WASHINGTON, DC - DECEMBER 15: Bei Bei the giant panda cub is photographed at the Smithsonian National Zoological Park on Tuesday December 15, 2015 in Washington, DC. He was born August 22, 2015. This series features animals that were born at the Smithsonian National Zoological Park or the Smithsonian Conservation Biology Institute in 2015. (Matt McClain/The Washington Post)

On Saturday, the giant panda cub Bei Bei makes its public debut, meaning the National Zoo and its surrounding area likely will morph into a vortex of traffic jams and winding lines.

But let’s start with the good news: Those who venture inside the panda house this weekend will probably get to see Bei Bei in the flesh. Panda keeper Marty Dearie says the nearly 5-month-old cub spends a lot of his time in a visible area rather than concealed in the den, which can be seen only through the Panda Cam. (His sister, Bao Bao, on the other hand, was more of a den dweller at that age.)

The bad news? Bei Bei sleeps about 90 percent of the day, Dearie says, so most visitors will catch him slumbering — unless they stop by between noon and 2 p.m., when the cub tends to be most active. Of course, Dearie warns, nothing is guaranteed. Pandas can get tired, and pandas can get carried by their mothers into hidden dens.

Arriving within that two-hour time frame might not be easy this weekend, anyway. The first day of Bao Bao’s debut attracted about 5,400 visitors in 2014, some of whom lined up before daybreak or waited for more than four hours. “I would bet this weekend would be roughly the same,” Dearie says.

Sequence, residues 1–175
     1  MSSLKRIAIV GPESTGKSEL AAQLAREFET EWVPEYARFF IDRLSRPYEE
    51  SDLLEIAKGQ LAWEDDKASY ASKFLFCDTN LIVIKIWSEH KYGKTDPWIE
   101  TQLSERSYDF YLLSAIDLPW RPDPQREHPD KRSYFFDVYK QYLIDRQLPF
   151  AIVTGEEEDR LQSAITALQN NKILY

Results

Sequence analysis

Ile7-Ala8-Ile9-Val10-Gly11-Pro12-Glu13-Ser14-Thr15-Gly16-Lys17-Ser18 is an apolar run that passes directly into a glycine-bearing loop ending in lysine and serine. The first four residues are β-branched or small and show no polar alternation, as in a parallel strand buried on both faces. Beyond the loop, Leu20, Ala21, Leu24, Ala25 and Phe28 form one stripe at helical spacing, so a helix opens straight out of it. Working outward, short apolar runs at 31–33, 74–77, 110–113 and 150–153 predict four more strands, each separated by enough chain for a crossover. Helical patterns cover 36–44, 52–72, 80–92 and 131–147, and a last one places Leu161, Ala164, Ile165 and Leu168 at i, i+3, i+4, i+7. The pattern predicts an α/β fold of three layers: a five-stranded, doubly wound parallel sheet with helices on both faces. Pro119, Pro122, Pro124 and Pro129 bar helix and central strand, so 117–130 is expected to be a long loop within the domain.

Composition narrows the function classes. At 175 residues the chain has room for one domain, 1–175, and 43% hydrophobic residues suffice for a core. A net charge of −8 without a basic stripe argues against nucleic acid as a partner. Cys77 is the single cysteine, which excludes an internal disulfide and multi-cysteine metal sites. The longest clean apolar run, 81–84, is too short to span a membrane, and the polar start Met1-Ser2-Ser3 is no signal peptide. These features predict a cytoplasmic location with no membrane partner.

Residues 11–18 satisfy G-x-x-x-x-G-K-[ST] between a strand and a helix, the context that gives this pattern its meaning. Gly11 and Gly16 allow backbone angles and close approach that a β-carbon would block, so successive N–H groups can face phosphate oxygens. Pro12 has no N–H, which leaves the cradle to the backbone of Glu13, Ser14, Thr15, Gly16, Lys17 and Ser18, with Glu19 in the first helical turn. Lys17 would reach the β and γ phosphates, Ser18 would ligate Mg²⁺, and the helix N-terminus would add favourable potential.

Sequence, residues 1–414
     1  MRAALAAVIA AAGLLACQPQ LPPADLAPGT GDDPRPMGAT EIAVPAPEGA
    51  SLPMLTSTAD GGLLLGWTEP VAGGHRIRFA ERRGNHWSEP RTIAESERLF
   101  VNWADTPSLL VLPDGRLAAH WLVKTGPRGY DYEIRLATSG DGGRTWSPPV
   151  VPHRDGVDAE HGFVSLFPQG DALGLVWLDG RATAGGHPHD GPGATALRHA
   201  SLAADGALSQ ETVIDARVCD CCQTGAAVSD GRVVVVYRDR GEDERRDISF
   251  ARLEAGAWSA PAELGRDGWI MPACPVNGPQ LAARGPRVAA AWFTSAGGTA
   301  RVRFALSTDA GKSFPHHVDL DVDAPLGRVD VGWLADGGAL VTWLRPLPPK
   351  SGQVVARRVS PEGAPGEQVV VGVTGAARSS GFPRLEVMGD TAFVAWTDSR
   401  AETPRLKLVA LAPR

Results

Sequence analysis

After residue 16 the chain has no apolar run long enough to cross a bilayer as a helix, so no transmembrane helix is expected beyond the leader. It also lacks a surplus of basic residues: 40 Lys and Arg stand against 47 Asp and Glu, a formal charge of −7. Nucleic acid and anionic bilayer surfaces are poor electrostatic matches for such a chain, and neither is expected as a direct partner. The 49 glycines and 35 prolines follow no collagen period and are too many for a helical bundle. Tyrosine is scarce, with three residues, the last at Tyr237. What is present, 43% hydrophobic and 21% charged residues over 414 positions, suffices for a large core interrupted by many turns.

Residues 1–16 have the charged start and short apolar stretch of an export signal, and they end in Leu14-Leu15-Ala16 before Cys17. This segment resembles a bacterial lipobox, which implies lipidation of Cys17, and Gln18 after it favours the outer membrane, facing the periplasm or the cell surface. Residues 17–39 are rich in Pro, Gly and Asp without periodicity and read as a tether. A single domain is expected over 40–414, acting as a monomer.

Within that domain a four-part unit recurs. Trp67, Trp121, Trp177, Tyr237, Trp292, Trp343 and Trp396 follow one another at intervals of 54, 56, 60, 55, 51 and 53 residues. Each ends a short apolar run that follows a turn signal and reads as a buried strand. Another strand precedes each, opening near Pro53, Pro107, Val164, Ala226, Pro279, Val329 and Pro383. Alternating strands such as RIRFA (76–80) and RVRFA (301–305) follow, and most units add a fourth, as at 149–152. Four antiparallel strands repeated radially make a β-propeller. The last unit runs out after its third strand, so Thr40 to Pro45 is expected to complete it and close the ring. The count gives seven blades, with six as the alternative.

Or perhaps even worse. With Saturday’s high forecast to peak at about 50 degrees — unlike Bao Bao’s chillier debut in January 2014 — a larger turnout wouldn’t come as a surprise. Consider that on busy days, only 50 to 75 visitors are allowed in the panda house for 10 minutes or so at a time. So you should be prepared to wait.

As for how to get there, taking Metro will probably be easier — and cheaper — than finding parking near the zoo. For those traveling with kids or strollers, opt for the Cleveland Park station to avoid the uphill trek from Woodley Park-Zoo; both stations sit roughly a half-mile walk from the zoo. If you have to drive, arrive early to score one of the zoo’s $22 parking spots, or pay a little extra to reserve a space in advance through Parking Panda for $30. (Parking lots A and B are closest to the panda house.)

And if you want an insider’s advice on how to get the best experience when meeting Bei Bei, here it is: “I would suggest waiting a couple of weeks,” Dearie says.

The panda house will be open daily from 9 a.m. to 4 p.m. National Zoo, 3001 Connecticut Ave. NW. nationalzoo.si.edu. Free.